Italian DPA issues 2016 annual activity report – some interesting (and perhaps unexpected) information

Garante-privacy 2

On June 6, 2017, the Italian Data Protection Authority (DPA), the Garante per la Protezione dei Dati Personali, issued the annual report on its activity for 2016.

The DPA’s activity concentrated on computer crimes and cyber security; online profiling and social media; cyberbullying; fight against terrorism and mass surveillance; Big Data; use of new technologies in the workplace; Public Administration’s transparency and citizens rights; taxation and protection of taxpayers’ privacy; telemarketing; interception and protection of the data contained in judicial documents; protection of minors’ data; consumer rights; large public databases; right to be forgotten; guarantees for the international transfer of data to the US; and healthcare.

The English version of the report is not yet available. However, we extracted some numbers for you from the Italian text. Overall, there is a slight decrease in activities compared to 2015 but the number of notified administrative violations is higher

In 2016, the Italian DPA adopted 561 decisions (692 were adopted in 2015); answered 4600 questions, claims and reports (5000 were answered in 2015); decided 277 formal complaints (307 were decided in 2015), which mainly concerned banking and financial companies, public and private employers, the publishing sector (including TVs), credit reference agencies, Public Administration and providers of public services.

The Commissioners’ panel rendered 20 opinions to the Italian Government and Parliament, which concerned: police and national security activities, Public Administration computerization, taxation agencies, health data (44 opinions were rendered in 2015).

There is one figure that increased in 2016: the number of administrative violations. The Italian DPA notified 38% more administrative violations compared to 2015. Particularly, in 2016, the Italian DPA notified 2339 administrative violations in which a considerable portion concerned failure to notify data breaches suffered by telephone and Internet operators, followed by inadequate information to users on the processing of their personal data, unjustified retention of personal data, failure to adopt security measures or provide documents requested by the DPA, and finally, failure to comply with the DPA’s orders.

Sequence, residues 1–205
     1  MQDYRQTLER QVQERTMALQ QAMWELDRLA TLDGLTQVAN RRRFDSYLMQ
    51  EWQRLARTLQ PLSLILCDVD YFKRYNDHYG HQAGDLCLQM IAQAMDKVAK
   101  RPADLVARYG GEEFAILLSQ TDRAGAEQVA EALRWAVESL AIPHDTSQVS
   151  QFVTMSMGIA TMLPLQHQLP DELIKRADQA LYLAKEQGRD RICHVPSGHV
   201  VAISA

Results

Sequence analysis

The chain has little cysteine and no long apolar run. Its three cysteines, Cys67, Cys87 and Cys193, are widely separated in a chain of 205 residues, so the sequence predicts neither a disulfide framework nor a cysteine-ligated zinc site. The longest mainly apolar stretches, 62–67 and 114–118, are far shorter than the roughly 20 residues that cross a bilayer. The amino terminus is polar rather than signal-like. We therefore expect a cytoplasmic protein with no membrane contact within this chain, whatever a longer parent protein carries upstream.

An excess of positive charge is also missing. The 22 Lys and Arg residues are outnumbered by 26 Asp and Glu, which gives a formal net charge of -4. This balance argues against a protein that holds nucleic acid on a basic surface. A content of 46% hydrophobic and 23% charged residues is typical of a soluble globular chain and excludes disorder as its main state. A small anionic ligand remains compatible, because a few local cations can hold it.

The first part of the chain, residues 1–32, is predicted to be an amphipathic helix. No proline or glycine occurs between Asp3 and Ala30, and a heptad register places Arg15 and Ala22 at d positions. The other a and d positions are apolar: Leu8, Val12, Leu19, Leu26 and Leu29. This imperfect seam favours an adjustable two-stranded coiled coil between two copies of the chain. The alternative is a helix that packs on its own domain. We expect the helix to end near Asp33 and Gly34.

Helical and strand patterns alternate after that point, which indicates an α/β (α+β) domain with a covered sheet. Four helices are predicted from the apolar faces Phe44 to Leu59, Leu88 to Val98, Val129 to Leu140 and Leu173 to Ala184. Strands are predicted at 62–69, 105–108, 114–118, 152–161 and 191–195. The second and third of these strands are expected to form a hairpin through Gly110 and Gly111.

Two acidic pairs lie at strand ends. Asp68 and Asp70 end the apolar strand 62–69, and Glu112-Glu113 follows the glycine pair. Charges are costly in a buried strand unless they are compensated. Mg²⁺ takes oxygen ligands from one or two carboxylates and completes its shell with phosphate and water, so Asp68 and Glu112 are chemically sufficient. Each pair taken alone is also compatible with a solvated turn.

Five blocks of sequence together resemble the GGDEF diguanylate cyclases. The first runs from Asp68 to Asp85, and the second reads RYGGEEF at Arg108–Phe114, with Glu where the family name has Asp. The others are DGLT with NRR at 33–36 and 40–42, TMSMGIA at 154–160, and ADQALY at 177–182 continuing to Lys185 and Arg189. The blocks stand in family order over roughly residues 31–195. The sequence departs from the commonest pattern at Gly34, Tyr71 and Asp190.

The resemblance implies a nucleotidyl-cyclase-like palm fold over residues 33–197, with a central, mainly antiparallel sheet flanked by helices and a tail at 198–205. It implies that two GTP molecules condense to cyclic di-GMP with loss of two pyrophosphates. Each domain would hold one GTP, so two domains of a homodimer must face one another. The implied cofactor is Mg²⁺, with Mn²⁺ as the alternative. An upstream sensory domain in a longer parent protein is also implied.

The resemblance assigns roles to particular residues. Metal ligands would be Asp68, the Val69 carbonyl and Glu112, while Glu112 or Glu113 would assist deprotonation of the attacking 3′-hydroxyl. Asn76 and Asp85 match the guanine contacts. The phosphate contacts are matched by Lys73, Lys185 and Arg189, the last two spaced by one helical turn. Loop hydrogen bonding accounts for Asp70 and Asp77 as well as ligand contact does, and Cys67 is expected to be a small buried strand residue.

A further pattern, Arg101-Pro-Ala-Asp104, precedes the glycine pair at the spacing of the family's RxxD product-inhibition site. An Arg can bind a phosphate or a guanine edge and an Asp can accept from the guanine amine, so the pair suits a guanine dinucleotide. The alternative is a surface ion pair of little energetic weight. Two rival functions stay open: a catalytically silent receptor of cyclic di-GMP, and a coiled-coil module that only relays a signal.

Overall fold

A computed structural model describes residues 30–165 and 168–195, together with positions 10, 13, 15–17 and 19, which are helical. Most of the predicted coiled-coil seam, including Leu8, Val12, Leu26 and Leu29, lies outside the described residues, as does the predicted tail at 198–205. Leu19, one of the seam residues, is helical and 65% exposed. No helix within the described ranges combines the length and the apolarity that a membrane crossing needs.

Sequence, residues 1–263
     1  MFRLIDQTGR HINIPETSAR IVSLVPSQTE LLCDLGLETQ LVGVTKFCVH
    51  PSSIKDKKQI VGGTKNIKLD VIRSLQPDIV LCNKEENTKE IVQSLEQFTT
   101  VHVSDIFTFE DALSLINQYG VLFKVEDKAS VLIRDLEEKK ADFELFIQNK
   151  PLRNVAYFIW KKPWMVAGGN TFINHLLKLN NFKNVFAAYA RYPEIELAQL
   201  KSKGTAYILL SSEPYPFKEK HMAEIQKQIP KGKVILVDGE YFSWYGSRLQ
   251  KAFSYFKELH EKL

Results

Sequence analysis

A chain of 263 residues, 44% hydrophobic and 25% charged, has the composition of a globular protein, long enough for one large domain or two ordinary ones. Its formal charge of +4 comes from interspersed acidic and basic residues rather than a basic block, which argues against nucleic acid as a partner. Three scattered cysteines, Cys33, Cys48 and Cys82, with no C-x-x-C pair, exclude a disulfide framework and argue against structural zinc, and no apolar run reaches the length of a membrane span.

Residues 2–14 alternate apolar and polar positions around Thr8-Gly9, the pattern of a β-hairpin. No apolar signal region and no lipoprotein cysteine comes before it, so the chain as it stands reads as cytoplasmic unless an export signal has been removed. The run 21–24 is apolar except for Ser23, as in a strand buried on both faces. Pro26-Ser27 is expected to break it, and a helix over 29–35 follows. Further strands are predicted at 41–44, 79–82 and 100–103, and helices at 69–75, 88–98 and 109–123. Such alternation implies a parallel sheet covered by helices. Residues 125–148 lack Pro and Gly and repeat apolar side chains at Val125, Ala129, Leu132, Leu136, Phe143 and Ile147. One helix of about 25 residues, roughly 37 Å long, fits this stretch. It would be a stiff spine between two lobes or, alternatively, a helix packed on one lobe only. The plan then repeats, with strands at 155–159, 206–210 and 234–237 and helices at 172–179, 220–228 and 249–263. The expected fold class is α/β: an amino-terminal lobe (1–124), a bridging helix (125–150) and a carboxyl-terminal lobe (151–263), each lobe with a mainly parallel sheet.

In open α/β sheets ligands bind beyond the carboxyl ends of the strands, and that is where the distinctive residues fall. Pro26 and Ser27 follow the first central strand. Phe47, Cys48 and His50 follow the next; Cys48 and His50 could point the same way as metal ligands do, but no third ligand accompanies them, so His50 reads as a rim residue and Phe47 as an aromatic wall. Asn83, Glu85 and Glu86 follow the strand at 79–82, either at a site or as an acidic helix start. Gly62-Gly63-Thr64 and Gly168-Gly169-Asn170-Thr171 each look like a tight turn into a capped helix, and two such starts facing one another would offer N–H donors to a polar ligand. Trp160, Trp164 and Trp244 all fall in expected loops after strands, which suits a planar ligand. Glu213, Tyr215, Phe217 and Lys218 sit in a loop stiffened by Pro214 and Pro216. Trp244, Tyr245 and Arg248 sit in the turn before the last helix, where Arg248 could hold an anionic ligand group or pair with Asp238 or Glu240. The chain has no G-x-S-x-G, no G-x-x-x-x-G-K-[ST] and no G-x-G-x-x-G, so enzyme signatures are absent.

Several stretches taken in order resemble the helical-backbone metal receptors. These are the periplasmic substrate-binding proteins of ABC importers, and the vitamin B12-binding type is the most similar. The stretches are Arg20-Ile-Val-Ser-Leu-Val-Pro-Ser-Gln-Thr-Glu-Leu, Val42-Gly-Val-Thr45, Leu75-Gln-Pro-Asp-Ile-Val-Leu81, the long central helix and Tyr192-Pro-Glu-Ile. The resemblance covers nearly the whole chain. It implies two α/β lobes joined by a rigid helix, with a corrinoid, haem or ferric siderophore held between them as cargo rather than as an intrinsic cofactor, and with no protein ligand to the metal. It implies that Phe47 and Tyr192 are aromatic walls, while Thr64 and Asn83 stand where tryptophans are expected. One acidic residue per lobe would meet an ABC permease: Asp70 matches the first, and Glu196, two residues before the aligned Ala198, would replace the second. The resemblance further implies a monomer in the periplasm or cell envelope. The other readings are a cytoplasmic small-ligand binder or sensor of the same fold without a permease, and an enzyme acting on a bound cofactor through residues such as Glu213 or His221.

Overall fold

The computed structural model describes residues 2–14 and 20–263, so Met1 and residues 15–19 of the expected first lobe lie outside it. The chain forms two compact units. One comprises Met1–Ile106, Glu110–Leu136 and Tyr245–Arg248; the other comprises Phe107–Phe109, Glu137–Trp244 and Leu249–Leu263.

The administrative fines levied in 2016 by the DPA totaled about 3,300,000. In 2015, the fines totaled €3,500,000.

282 on-the-spot inspections were carried out in the private and public sector, partly in collaboration with the Privacy Squad of the Financial Police (Guardia di finanza). In particular, they concerned the data processed by car sharing companies, web and phone marketing, medical applications, online games and financial companies. An important operation that led to an 11 million fine connected to anti money-laundering investigations concerned the money transfer business.

The DPA’s front desk handled over 24,000 queries concerning, in particular, unsolicited promotional calls (33%), implementation of the GDPR (11%), the Internet, video surveillance, mail, fax and text messages, employer-employee relationships, and tax data. 25,600 queries were handled in 2015.

The Italian DPA’s 2016 report is available (in Italian) at http://www.garanteprivacy.it…

 

For more information about how privacy is implemented in Europe, contact Francesca Giannoni-Crystal & Federica Romanelli.

 

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